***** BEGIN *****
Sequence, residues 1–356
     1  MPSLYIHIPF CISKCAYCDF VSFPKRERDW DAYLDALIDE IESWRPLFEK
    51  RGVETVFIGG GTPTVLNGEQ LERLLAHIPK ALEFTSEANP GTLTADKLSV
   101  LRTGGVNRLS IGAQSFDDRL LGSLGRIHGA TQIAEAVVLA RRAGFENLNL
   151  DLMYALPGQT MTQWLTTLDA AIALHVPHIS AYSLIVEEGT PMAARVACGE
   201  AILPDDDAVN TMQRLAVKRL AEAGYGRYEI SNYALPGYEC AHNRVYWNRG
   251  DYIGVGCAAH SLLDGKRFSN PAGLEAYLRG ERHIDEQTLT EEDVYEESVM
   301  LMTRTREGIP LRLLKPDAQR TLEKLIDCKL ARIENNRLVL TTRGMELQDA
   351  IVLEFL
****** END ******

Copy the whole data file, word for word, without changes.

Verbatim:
Sequence, residues 1–356
     1  MPSLYIHIPF CISKCAYCDF VSFPKRERDW DAYLDALIDE IESWRPLFEK
    51  RGVETVFIGG GTPTVLNGEQ LERLLAHIPK ALEFTSEANP GTLTADKLSV
   101  LRTGGVNRLS IGAQSFDDRL LGSLGRIHGA TQIAEAVVLA RRAGFENLNL
   151  DLMYALPGQT MTQWLTTLDA AIALHVPHIS AYSLIVEEGT PMAARVACGE
   201  AILPDDDAVN TMQRLAVKRL AEAGYGRYEI SNYALPGYEC AHNRVYWNRG
   251  DYIGVGCAAH SLLDGKRFSN PAGLEAYLRG ERHIDEQTLT EEDVYEESVM
   301  LMTRTREGIP LRLLKPDAQR TLEKLIDCKL ARIENNRLVL TTRGMELQDA
   351  IVLEFL